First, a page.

The new Part VIC will empower MAS to identify derivative contracts that will be subject to a trading mandate and provide for powers to request for information from relevant persons to facilitate the process of determining the products and entities to be subjected to the trading mandate.
Amendments to Part IV and the Second Schedule to the SFA and the Second Schedule to the Securities and Futures (Licensing and Conduct of Business) Regulations (“SF(LCB)R”)
Dealing in Capital Market Products
Current regulated activities such as “dealing in securities”, “trading in futures contracts” and “leveraged foreign exchange” and now dealing in OTC derivatives will be grouped under “dealing in capital market products”.
A Capital Markets Service (“CMS”) Licence holder will be required to indicate the specific class of capital markets products it will be dealing in. A CMS Licensee which intends to expand into dealing with another product class will need to seek MAS approval by applying for a variation of the licence. Section 90 of the SFA will be amended in relation to the variation of a CMS Licence.
Consequential amendments to the definitions of “securities financing” and “providing custodial services for securities” will also be made.
MAS is proposing to exempt certain persons, including those:
- who deal for their own account in OTC derivatives with a regulated financial institution and do not receive, commission, spread or other remuneration in return; and
- who deal in OTC derivatives but do not take on any principal position in OTC derivatives, do not hold any customer’s position, margin or account in their books and deal only with accredited or institutional investors.
MAS intends to maintain as far as possible the scope of the existing licensing exemptions and will make the consequential amendments to the licensing exemptions accordingly.
Due to the proposed amendment to the definition of “derivative contract”, persons managing CISs that invest in derivatives of physical assets will now be subject to the provisions of the SFA regulating fund management. MAS intends to regulate managers of CIS that invest in physical assets only if the CIS is offered to retail investors.
Existing CIS managers will need to obtain the necessary licences or exemptions before they offer additional units of their existing CIS or offer any new CIS.
Additional safeguards when CIS managers appoint unregulated persons to provide custody services for physical assets could include the following proposed measures:
- minimum financial or capital requirements;
- insurance coverage for the custodised assets; and
- segregation of assets under custody.
Consequential amendments to the remaining parts of SFA, the Financial Advisers Act (“FAA”) and the CTA
Existing requirements applying to “futures contracts’ will now apply to all “derivative contracts”.
It is proposed to merge Section 143 and 144 so that a single provision setting out MAS’ supervisory powers in relation to “capital markets products” can be achieved.
It is proposed that existing market conduct provisions will now cover “capital markets products” in general.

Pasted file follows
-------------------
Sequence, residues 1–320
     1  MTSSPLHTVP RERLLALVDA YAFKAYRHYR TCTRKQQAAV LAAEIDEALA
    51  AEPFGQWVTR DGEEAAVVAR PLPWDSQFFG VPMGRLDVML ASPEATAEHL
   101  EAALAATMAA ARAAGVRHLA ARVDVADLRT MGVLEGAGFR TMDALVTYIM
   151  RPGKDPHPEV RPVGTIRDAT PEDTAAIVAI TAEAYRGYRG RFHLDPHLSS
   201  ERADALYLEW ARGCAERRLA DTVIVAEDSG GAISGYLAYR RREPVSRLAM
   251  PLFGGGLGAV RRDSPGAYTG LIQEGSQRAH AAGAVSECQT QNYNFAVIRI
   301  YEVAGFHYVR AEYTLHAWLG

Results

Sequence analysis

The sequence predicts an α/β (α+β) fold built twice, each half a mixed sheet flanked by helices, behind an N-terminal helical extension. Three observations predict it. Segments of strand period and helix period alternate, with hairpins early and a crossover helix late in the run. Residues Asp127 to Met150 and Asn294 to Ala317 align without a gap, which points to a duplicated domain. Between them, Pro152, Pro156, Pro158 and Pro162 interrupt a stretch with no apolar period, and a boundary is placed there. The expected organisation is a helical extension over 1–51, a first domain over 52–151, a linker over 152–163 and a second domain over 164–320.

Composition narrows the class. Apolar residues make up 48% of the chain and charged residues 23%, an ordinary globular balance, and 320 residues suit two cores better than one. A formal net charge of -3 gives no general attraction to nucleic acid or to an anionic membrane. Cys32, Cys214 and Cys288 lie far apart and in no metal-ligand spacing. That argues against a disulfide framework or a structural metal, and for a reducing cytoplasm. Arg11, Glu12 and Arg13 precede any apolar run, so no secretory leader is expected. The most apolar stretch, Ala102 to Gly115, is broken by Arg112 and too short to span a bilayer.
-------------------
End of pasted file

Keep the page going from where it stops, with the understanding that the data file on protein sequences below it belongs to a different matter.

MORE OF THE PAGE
As a result of the inclusion of a “securities-based derivative contract” in Part XIII of the SFA, prospectus requirements will extend to cash-settled derivative contracts with securities as the underlying. Some of these contracts will include structured warrants, extended settlement securities contracts and securities-based contracts-for-differences (CFDs). MAS will look to provide the necessary exemptions of existing contracts that are exempted from the prospectus requirements, such as CFDs.
Modern derivative markets find their intellectual roots in the 1970s research of Black, Scholes, and Merton. Although the use of the “Black Scholes Model” for option pricing is still very much relevant today, the derivative markets had advanced so rapidly, with the advent of financial Information technology supercharging trades and the ever-increasing use of derivatives for risk-management purposes in multinationals and major trading houses.
The OTC derivative market in Singapore ranks 8th globally based on total trading volume. Singapore accounts for 5% of total OTC derivative trades in the world. With the continuous growth of the country as a financial hub, more such trades will originate or pass through Singapore. It is thus timely that the amendments to the SFA replace the outdated and limited definition of “derivative contract” to a principles-based definition of derivate contract that can account for the constant innovation in the industry.
MAS is taking the opportunity to broaden the regulation of CIS while at the same time providing some flexibility for foreign CIS to be recognised in Singapore. Also, amendments and clarifications are being proposed to reverse certain judicial decisions, such as clarifying that there is no requirement for “material price impact” before a contravention of Section 199 can be established and the test of “reasonable investor” under Section 215 and 216 is equivalent to that set out in Public Prosecutor v Chua Seng Huat  3 MLJ 305.
The totality of the amendments should result in helping ensure the SFA remains current in light of market and global developments. Some of the devils will be in the detail. Currently, the scope of the “principles-based” approach to regulation of derivative contracts seems to cast a wide net and it would seem there will need to be carve-outs from regulation under the SFA to prevent it encroaching into areas of business that may not merit it.
Disclaimer: This update is provided to you for general information and should not be relied upon as legal advice.